The catastrophe of the colonial pipeline is only the last example of proving that the hacks are all around us and the computer hackers continue to harass all kinds of objectives, individuals to institutions. Attackers and spies want information and money, and they can quickly adapt to changes in the industry, whether it’s better hardware and software or technology users. But just as computer hackers are trying to exploit each vulnerability, they can find to extort information or make instant benefits, researchers seek to create unwanted equipment and software.
The latest Initiative of this type is a computer processor from the University of Michigan called Morpheus, which aims to end most of the low-hacker attacks could attempt at this material.
Morpheus is not quite sick, but it’s a major step in the right direction. According to the University of the researcher of Michigan Todd Austin, he is supposed to be incredibly difficult to break. According to IEEE Spectrum, some 580 Cybersecurity researchers spent 13,000 hours trying to break into Morpheus and failed. It was part of a US Advanced Research Programs (DARPA) project, integrated security through the Hardware and Firmware Program (STISH).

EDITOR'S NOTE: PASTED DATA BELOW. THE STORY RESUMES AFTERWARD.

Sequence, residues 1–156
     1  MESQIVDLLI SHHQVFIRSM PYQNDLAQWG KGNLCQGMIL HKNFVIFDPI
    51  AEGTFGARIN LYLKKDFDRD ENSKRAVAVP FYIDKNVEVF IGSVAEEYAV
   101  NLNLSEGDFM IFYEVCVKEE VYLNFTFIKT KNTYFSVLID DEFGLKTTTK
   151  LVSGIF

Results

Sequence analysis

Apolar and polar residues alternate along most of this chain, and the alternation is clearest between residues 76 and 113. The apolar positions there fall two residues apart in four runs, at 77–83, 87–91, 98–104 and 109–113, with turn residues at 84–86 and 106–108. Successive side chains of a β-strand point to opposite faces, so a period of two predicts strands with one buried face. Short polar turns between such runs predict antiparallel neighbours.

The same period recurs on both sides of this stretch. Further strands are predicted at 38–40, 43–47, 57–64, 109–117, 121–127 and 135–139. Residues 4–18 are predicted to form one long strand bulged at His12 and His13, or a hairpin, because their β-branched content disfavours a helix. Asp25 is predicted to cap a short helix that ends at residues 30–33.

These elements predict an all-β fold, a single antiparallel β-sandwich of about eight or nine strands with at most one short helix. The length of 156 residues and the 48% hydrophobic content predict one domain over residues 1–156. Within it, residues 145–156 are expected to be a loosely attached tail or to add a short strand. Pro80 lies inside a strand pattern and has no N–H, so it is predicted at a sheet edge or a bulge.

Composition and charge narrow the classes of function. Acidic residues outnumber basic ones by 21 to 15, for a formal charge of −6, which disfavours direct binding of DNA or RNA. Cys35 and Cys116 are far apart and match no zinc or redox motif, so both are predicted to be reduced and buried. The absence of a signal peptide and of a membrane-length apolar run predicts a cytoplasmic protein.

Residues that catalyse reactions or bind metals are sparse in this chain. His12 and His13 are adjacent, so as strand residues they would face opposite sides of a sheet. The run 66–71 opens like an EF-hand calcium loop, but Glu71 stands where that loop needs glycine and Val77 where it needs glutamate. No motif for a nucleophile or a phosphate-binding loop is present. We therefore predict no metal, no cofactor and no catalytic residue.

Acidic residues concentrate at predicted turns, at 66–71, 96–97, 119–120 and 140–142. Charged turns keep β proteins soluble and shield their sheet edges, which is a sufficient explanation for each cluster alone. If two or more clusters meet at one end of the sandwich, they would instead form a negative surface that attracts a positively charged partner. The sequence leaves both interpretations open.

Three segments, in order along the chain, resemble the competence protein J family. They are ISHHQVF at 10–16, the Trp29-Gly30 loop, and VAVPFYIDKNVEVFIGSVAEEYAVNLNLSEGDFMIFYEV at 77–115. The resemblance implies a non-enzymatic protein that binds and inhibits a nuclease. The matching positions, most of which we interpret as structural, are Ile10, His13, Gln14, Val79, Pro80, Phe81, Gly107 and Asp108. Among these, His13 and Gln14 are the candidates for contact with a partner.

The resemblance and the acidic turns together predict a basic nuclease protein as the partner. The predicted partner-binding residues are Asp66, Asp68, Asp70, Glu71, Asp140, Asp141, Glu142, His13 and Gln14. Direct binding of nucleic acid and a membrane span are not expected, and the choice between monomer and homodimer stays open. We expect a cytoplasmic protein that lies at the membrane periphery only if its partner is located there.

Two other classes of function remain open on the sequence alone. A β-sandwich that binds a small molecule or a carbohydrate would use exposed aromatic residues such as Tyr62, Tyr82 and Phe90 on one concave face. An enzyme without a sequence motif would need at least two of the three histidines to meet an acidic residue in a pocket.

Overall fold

Austin explained that his team also works on processors that can handle encrypted data without decrypting it first, a feature that could be useful for hiding raw data from programmers or other companies while allowing computers of the treat. It is also the type of technology that could advance privacy characteristics in addition to improving security.
Regardless of the quality of the size of the morpheus to thrive from attacks targeting the processor of a computer, there must be “accepted challenge” computer hackers such as Austin and his team publishing their work. In addition, this could take a long time until we saw Morpheus chips inside commercial devices. The full report of IEEE Spectrum deserves a complete reading on this link